In my role as vice president of DEI and Strategic Growth at Schrödinger, an important part of my job is to promote gender equity in science and technology. Schrödinger is a computational molecular discovery company with a mission of improving human health and quality of life by transforming the way therapeutics and materials are discovered. This lofty goal has kept us at the forefront of scientific discovery for more than 30 years. Pushing the boundaries of possibility in science requires a remarkably dedicated, creative, and collaborative team. Assembling that kind of team can only be accomplished through an intentional focus on recruiting people from diverse backgrounds and experiences.
In leading our company’s recruitment efforts, I ensure that a focus on gender equity is integrated into our hiring processes. We know that investing in diversity creates value for our company and stakeholders, and that diverse teams come up with better, more innovative ideas. But most importantly, we make gender equity a priority because it’s the right thing to do.
Taking Action on Gender Equity
In 2022, with the support of Pat Lorton, Schrödinger’s chief technology officer, and in collaboration with Maris Schwarz, senior director of total rewards, we formed Schrödinger’s Gender Diversity Action Committee. The committee’s initial focus has been increasing gender diversity on our engineering teams—a major challenge as we compete with technology leaders such as Amazon, Facebook, and Google for highly skilled computer scientists, developers, and engineers.
One of the ways we’ve worked to address this recruiting challenge is through organizing events specifically aimed at empowering underrepresented genders. Our first event, called Hacking The Gender Stack, was a two-day hackathon for women and non-binary engineers with varying levels of science and coding experience from local NYC universities, including Columbia University, New York University, and Fordham University. We invited a select group of applicants to our headquarters in Times Square to network, code side-by-side with Schrödinger scientists, and learn more about our ongoing projects and open roles.
This event was successful on multiple levels. It provided women and non-binary engineers an opportunity to hone their skills and network with peers and potential mentors. It also set the foundation for a diverse pipeline of talent to fill open roles at our company. Of the 24 hackathon participants, five joined Schrödinger as summer interns.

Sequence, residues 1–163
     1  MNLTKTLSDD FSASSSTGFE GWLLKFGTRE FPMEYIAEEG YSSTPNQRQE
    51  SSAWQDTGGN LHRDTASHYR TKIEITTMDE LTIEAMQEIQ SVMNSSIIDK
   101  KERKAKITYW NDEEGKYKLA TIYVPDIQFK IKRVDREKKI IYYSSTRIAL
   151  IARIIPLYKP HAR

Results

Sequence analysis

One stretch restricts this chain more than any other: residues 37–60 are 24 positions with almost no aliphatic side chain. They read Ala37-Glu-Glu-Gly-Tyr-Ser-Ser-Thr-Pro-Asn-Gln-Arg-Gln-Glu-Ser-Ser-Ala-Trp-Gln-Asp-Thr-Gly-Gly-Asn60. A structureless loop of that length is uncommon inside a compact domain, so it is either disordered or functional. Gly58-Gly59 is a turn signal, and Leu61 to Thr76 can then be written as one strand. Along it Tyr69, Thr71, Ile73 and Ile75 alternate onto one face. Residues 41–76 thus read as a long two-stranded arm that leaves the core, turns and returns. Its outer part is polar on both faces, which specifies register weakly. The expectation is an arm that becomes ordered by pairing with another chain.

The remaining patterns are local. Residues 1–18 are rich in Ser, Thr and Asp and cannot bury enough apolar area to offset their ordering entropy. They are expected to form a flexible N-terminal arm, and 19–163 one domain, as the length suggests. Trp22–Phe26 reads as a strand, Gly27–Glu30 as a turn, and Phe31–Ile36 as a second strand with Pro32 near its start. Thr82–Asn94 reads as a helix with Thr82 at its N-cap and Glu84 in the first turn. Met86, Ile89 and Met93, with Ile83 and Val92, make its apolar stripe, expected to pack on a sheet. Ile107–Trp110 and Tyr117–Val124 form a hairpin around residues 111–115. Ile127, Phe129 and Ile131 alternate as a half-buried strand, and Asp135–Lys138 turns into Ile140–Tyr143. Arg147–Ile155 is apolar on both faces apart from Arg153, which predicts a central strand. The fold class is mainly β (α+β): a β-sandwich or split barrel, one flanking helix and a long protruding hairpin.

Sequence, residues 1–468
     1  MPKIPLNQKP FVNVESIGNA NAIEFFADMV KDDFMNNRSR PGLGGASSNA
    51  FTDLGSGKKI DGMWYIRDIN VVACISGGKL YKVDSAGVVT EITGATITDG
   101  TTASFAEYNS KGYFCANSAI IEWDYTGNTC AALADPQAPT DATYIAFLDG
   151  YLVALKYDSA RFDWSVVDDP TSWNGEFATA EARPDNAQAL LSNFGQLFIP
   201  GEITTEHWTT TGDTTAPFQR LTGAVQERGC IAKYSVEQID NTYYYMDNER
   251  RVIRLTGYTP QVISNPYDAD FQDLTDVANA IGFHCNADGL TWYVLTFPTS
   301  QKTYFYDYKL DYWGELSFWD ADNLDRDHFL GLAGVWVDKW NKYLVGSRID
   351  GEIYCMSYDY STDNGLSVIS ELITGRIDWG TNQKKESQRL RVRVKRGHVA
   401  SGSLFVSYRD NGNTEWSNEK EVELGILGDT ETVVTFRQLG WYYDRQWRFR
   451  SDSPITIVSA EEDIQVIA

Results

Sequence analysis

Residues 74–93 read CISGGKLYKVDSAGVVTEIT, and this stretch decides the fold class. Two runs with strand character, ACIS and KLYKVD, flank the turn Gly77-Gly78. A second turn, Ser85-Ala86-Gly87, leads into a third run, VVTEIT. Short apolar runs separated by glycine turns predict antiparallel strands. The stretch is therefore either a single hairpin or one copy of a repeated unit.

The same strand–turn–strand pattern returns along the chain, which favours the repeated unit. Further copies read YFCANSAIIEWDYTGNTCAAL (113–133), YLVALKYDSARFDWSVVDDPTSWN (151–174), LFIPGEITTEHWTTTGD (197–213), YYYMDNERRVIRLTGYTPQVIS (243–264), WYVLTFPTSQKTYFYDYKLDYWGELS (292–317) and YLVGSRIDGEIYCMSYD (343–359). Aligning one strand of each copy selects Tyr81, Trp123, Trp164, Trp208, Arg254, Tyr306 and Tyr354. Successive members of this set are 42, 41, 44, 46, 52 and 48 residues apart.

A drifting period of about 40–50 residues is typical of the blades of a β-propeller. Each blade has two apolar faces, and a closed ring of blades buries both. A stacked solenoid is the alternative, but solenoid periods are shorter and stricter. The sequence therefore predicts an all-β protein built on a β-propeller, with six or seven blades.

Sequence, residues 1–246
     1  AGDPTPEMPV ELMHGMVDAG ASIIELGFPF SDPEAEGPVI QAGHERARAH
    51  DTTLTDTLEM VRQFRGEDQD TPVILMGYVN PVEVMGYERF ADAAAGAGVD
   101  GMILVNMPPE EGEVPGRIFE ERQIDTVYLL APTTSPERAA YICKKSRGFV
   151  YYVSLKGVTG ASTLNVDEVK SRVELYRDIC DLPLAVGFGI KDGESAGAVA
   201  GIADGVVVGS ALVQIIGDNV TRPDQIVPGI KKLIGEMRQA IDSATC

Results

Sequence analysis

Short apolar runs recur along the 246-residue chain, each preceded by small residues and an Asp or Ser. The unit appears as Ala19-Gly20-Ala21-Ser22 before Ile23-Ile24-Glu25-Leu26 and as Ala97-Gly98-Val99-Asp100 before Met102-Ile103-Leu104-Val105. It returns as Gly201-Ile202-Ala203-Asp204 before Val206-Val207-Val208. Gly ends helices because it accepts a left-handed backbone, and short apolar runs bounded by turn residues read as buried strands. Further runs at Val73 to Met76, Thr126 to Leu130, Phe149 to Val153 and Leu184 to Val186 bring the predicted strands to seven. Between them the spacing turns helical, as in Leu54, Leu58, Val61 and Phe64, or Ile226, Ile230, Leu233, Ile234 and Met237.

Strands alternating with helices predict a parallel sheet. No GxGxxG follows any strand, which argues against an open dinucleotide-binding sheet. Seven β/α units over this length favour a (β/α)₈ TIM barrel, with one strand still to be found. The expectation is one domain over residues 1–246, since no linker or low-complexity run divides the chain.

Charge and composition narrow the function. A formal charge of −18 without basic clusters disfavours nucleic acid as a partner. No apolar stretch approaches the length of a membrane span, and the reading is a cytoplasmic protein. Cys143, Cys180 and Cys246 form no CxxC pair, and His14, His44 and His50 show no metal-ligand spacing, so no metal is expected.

In a subsequent event, called Catalyzing Gender Equity at Schrödinger: Early Careers in Computational Sciences, we hosted 25 women and non-binary Ph.D. students and postdocs at our NYC office for a two-day symposium. During the event, participants completed interactive molecular modeling workshops led by our education team, heard from senior developers and C-Suite executives during an employee panel, and most importantly, connected with and learned from the other women and non-binary scientists that attended the event. Many of the participants came from labs with very few women or non-binary individuals, and were both grateful and inspired to be part of such a diverse cohort. We were honored to help bridge those connections and facilitate friendships that women and non-binary scientists often don’t experience during their time in graduate school. We hope that through this event, participants will stay connected and consider applying for open positions in the future.
As a company, it is our responsibility to promote gender equity at Schrödinger and beyond. While the world and our industry has made great progress, today there is still a persistent lack of adequate representation among women and non-binary individuals in many science and technology industries. In the United States, women account for only 25 percent of workers in computer science roles and only 15 percent of the engineering workforce, according to a recent report from the Pew Research Center.
Our efforts alone will not solve the lack of gender diversity in science and technology, but we know it’s important to serve as a catalyst for change. My hope is that the events we’ve organized so far at Schrödinger are just the beginning, and that they spark new initiatives to lift up other marginalized groups.
Schrödinger is excited to host our second annual hackathon on January 11-12 in support of the diverse community of women and non-binary engineers in NYC. Learn more and apply: https://events.bizzabo.com/HGS2024